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  1. Explanations of Human Action.Robert Ackermann - 1967 - Dialogue 6 (1):18-28.
  2. On Seeing Bodily Movements as Actions.Virgil C. Aldrich - 1967 - American Philosophical Quarterly 4 (3):222 - 230.
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  3. Introduction.Roman Altshuler & Michael J. Sigrist - 2016 - In Roman Altshuler & Michael J. Sigrist (eds.), Time and the Philosophy of Action. Routledge. pp. 1-18.
    We do things in time. Philosophy of action can capture this phenomenon in at least two ways. On one hand, it might focus on the way that temporal preferences and long-term temporal horizons affect the rationality of decisions in the present (see, e.g., Parfit 1984; Rawls 1971). Such work may focus on the way we discount the distant future, for example, or prioritize the future over the past. Approaches of this kind treat time as, in a sense, something external to (...)
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  4. Explaining Actions and Explaining Bodily Movements.Maria Alvares - 2013 - In G. D’Oro, A. Laitinen & C. Sandis (eds.), Reasons and Causes. Palgrave-Macmillan. pp. 141-159.
  5. Acting Intentionally and Acting for a Reason.Maria Alvarez - 2009 - Inquiry 52 (3):293-305.
    This paper explores the question whether whatever is done intentionally is done for a reason. Apart from helping us to think about those concepts, the question is interesting because it affords an opportunity to identify a number of misconceptions about reasons. In the paper I argue that there are things that are done intentionally but not done for a reason. I examine two different kinds of example: things done “because one wants to” and “purely expressive actions”. Concerning the first, I (...)
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  6. Agents, Actions and Reasons.Maria Alvarez - 2005 - Philosophical Books 46 (1):45-58.
  7. Slip-Proof Actions.Santiago Amaya - 2016 - In Roman Altshuler & Michael J. Sigrist (eds.), Time and the Philosophy of Action. Routledge. pp. 21-36.
    Most human actions are complex, but some of them are basic. Which are these? In this paper, I address this question by invoking slips, a common kind of mistake. The proposal is this: an action is basic if and only if it is not possible to slip in performing it. The argument discusses some well-established results from the psychology of language production in the context of a philosophical theory of action. In the end, the proposed criterion is applied to discuss (...)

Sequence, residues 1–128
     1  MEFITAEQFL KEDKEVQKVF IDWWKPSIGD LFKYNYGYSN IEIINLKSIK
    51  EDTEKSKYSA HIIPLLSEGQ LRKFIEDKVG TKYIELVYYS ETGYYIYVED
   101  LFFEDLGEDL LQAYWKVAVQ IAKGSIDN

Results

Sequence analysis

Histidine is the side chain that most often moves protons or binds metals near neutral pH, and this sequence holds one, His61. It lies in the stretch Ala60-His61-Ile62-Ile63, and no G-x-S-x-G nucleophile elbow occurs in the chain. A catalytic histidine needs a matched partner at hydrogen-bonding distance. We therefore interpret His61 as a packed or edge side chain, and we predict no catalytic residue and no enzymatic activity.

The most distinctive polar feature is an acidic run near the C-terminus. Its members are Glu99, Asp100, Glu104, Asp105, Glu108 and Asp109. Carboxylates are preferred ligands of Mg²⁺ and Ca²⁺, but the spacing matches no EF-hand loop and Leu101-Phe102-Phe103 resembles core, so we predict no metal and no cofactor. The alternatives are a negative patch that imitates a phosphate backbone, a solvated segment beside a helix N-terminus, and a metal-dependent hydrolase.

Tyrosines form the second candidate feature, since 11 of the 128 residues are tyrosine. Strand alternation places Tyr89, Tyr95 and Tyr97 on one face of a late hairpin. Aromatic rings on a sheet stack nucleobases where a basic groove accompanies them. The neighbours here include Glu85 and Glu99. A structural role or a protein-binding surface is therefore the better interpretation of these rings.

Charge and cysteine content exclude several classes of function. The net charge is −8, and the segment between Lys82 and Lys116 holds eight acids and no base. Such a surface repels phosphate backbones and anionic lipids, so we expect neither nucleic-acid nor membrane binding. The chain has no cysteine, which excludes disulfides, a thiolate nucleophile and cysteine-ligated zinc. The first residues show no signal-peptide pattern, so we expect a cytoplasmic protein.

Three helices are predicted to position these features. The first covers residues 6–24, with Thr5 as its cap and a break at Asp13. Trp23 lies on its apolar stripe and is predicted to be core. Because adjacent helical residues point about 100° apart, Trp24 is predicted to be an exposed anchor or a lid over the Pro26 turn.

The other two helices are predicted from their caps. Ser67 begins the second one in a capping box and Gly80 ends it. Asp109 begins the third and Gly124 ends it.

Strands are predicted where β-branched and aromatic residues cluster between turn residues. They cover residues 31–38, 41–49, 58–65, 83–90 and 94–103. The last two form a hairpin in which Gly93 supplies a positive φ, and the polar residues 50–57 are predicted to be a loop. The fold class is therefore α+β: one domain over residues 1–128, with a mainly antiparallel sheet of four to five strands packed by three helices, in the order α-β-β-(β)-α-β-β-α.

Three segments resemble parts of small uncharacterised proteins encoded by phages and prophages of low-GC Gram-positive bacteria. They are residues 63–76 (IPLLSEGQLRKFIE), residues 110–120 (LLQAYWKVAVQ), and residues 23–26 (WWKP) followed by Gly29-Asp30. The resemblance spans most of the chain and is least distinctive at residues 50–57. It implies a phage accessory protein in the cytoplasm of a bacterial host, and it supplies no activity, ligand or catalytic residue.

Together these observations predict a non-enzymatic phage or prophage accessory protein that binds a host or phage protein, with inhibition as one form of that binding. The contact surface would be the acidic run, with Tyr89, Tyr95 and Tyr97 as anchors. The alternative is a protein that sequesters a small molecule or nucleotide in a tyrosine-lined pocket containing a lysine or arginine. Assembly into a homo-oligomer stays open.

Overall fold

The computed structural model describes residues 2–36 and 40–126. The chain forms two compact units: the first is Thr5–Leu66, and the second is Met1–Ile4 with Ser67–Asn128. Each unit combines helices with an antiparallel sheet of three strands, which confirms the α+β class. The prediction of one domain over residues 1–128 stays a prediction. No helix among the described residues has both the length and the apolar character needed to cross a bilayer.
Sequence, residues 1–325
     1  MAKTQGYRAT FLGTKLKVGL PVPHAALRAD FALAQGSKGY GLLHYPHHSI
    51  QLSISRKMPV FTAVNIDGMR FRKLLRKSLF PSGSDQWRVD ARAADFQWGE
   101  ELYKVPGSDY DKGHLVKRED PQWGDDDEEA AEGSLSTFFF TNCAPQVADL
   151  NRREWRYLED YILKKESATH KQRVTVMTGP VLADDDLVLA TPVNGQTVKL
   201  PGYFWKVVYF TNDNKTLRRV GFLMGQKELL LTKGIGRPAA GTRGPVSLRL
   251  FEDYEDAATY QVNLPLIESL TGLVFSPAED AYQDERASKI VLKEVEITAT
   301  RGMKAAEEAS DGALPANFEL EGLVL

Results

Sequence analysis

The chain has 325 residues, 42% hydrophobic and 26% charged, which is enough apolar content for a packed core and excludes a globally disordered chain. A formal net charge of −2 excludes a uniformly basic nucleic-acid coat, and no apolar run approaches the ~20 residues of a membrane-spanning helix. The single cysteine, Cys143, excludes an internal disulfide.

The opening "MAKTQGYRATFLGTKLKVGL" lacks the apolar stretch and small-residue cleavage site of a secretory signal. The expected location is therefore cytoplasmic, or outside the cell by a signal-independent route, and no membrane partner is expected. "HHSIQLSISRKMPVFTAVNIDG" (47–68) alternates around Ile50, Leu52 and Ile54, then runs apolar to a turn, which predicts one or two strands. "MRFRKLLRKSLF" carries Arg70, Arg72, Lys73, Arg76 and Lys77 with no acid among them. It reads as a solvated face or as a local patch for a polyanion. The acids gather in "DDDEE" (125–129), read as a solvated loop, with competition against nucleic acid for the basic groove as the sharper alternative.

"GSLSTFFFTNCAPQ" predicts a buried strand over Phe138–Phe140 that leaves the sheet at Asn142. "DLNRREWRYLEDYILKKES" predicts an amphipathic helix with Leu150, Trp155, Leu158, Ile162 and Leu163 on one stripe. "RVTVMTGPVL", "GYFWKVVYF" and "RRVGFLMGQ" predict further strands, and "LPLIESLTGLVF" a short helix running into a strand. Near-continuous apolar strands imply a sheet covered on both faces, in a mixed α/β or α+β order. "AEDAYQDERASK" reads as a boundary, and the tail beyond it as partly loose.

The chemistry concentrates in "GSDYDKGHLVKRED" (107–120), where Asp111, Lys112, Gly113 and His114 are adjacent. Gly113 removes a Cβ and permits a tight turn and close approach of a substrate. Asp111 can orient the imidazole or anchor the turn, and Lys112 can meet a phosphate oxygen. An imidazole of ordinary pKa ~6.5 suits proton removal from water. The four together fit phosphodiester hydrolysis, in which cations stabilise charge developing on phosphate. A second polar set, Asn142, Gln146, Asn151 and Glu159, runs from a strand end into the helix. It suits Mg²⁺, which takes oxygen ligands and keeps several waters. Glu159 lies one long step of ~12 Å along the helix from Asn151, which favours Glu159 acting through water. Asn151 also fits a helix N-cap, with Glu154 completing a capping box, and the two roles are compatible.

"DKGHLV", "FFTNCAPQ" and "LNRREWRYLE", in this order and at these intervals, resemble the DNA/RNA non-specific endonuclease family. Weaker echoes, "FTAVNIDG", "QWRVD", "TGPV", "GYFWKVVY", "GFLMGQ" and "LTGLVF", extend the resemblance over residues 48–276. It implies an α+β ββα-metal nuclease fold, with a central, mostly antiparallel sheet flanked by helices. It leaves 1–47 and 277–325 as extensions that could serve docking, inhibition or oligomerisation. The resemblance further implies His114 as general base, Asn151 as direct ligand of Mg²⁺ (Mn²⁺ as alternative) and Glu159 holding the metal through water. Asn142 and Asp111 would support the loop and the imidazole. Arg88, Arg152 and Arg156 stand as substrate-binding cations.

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  8. Cognitive Behavioural Systems.Esposito Anna, Esposito Antonietta M., Hoffmann Rüdiger, Müller Vincent C. & Vinciarelli Alessandro (eds.) - 2012 - Springer.
    This book constitutes refereed proceedings of the COST 2102 International Training School on Cognitive Behavioural Systems held in Dresden, Germany, in February 2011. The 39 revised full papers presented were carefully reviewed and selected from various submissions. The volume presents new and original research results in the field of human-machine interaction inspired by cognitive behavioural human-human interaction features. The themes covered are on cognitive and computational social information processing, emotional and social believable Human-Computer Interaction (HCI) systems, behavioural and contextual analysis (...)
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  9. Causality and Determination.G. E. M. Anscombe - 1993 - In E. Sosa M. Tooley (ed.), Causation. Oxford Up. pp. 88-104.
  10. Intention and Intentionality Essays for G. E. M. Anscombe.G. E. M. Anscombe, Jenny Teichman & Cora Diamond - 1979 -
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  11. Attitude, Action and the Concept of Structure.P. D. Ashworth - 1980 - Journal of Phenomenological Psychology 11 (1):39-66.
    The fact that psychic life is not merely given externally and as mutual externality, but is given in its nexus, given by self-knowledge, by internal experience, constitutes the basic difference between psychological knowledge and knowledge of nature.
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  12. Theory of Action.Thomas Atwater - 1980 - New Scholasticism 54 (1):111-115.
  13. Action, Inference, Belief, and Intention.Bruce Aune - 1990 - Philosophical Perspectives 4:247-271.